I remember reading news stories about Patrick Stewart being unhappy about the apparently asexual Captain role he had been handed on the show and was going to the lengths of suggesting that he would quit if something wasnt done about it. So it comes to two episodes in a row where the Captain has become irresistible to women (well Dr Bev and Vash) and he even starts getting his chest out to prove his virility.
"This script is a nice first pass, Mister Spielberg. But I have some notes."
Listen to (Kevin) Smith talk about Cop Out and Bruce Willis, and you come away with the sense that he doesn't always know how to get the best out of a strong-willed, big-name star; the same is evident here.
Hello John, it's Ron Howard. I'm looking at your contract here, and I know I am 'to honor any and all of Mr. Depp' acting choices even if they are poorly motivated or downright effeminately contrarian,' but can we talk about this? Look, I love Shirley Temple as much as the next guy. And I think I figured out a way you can keep the curly wig, but can we lose the 'good ship lollipop' dress? Please? I'm begging you. I mean, this is The Jonas Salk Story. Also, let me know what you think about those 15 scenes that are all in slow motion with violin music.
At the recent Los Angeles press day, Robert Rodriguez addressed the issue head on by saying that he knew Alba wouldn't go topless, but he wanted the best actress for the part, and that that was more important. Four seats down, Eva Green and Josh Brolin — both of whom bare almost all in this film and others — did an admirable job of not facepalming.
I don't think even Tom Stoppard or Harold Pinter could have written a scene that would have satisfied both Tom and Lalla at that point.
(reading) We know a little place in the American Far West, where Charlie Briggs chops up the finest prairie-fed beef and tastes...' —This is a lot of shit, you know that?!
—Orson Welles, Findus Foods Frozen Peas outtakes
Eddie Mayoff played a Pentagon general whose passion was laundry. He was more nightclub performer than actor but, in his serene pomposity, a delight onstage. He, too, was hard to work with. Small eyes, aglitter with paranoia, set in a great slab-like face. Whenever he wanted a line changed, he would begin a monologue. 'They take out their quarter, see?' He would pantomime a phantom quarter being removed from his pocket. 'They put it in the slot, see? They get on the subway.' He'd sway back and forth, on the train. 'They come downtown. To the Booth Theater. Then they...' He would describe minutely the mind of 'they'—the Mayoff fans—who would be outraged or shortchanged if he were to say 'and' rather than 'but.'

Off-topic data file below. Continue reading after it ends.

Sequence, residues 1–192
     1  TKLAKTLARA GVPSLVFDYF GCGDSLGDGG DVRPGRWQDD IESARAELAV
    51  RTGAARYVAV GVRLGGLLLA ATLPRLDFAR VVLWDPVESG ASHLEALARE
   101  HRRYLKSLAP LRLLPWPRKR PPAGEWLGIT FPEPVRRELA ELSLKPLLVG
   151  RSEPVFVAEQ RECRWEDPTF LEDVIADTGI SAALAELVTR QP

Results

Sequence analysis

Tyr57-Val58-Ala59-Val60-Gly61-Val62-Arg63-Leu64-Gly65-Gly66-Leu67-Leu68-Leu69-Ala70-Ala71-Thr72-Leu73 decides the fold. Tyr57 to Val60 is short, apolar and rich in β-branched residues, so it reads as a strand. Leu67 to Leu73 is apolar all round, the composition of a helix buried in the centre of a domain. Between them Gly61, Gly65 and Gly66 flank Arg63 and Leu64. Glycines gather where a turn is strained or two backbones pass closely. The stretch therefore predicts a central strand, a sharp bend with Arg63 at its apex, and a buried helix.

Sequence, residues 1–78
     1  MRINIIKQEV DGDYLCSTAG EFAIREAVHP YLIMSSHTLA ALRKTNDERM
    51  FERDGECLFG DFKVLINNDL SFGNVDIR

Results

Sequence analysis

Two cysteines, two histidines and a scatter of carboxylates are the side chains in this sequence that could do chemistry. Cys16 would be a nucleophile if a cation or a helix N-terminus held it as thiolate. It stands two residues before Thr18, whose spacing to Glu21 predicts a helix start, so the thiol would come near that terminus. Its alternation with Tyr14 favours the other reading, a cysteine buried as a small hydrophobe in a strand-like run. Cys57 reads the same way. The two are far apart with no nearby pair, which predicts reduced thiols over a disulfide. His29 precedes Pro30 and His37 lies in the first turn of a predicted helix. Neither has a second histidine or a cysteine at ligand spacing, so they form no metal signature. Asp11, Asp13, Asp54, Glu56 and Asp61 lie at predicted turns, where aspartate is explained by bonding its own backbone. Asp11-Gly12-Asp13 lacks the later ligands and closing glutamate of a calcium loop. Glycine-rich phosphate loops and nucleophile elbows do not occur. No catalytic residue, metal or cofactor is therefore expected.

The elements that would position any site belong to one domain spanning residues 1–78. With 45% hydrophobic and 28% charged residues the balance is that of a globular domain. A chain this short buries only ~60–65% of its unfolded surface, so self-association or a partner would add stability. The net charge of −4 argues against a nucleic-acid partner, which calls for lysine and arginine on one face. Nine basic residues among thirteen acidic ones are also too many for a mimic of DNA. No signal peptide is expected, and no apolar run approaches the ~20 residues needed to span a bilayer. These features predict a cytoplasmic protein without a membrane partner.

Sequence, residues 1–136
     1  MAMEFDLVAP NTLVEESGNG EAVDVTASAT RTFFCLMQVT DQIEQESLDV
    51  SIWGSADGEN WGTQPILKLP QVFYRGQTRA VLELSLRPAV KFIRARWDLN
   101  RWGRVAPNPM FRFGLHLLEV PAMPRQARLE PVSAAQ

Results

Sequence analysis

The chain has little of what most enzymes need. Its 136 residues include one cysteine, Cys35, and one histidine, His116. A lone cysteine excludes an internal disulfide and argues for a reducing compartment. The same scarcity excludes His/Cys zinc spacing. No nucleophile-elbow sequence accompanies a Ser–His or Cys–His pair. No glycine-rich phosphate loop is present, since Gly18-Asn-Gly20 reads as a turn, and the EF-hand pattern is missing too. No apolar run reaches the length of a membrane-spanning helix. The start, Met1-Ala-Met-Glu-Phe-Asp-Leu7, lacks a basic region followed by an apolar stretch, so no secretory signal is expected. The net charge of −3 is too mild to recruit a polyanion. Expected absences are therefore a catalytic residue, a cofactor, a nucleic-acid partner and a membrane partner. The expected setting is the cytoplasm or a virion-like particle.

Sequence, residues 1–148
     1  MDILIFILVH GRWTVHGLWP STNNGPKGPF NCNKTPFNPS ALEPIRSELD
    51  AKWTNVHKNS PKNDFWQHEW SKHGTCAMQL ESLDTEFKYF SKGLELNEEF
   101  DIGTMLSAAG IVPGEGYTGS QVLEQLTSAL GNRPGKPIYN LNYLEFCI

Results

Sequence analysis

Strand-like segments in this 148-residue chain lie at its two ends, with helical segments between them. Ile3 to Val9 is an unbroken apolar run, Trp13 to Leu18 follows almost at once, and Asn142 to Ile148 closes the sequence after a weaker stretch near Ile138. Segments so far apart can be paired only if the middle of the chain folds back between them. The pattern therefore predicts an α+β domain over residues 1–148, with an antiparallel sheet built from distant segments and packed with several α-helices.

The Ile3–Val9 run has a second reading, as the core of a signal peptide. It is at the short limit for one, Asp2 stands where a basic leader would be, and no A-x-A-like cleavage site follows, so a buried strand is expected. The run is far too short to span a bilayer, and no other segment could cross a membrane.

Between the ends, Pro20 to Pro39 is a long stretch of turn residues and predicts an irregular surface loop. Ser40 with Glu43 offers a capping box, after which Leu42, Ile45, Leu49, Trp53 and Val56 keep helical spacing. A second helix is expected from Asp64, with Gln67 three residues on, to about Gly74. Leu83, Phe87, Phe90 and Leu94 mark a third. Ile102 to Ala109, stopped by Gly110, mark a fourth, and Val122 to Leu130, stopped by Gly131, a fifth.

—Gore Vidal (on the making of Visit to a Small Planet), Palimpsest
I struggled with letting in other peoples opinions. I never let directors talk to me, because I was so spoiled. I started off with people like Milo Forman, Sidney Lumet, James Lapine, unbelievably gifted people. So there I was saying, Dont talk to me, I dont want your opinion. I behaved abominably. I dont care if my work was good or if I got an award for it. Im not proud of how I was then, and it pained me.
Theres a part of me thats a Hollywood animal as well. I cant wait to get into the writers room and see how we do this. I feel like Im finally rolling into the next phase of my adulthood.
I wish the next phase of her adulthood was at the bottom of a volcano said the writers who have to deal with her when she comes into the writers room to share her ~ideas~.
I've worked with the greatest directors of all time. Francis Ford Coppola. Monte Hellman. You know why they're great? Because they let me do whatever the fuck I wanted!
I've made over a hundred pictures. How many have you made?
I think Hitch and I could have really hit it off, but the script kept getting in the way.
"Willis called the shots like he did on '(Hudson) Hawk' and like he used to do on 'Moonlighting'. He had scenes rewritten. He did what he wanted to do. We were working with Orson Willis."
—Production Member, Striking Distance